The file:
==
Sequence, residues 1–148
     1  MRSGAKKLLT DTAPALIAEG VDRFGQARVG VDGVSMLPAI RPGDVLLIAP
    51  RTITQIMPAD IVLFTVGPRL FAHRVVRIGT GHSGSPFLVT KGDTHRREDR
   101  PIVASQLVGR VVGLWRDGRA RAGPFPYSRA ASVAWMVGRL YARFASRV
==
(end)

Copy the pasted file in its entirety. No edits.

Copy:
Sequence, residues 1–148
     1  MRSGAKKLLT DTAPALIAEG VDRFGQARVG VDGVSMLPAI RPGDVLLIAP
    51  RTITQIMPAD IVLFTVGPRL FAHRVVRIGT GHSGSPFLVT KGDTHRREDR
   101  PIVASQLVGR VVGLWRDGRA RAGPFPYSRA ASVAWMVGRL YARFASRV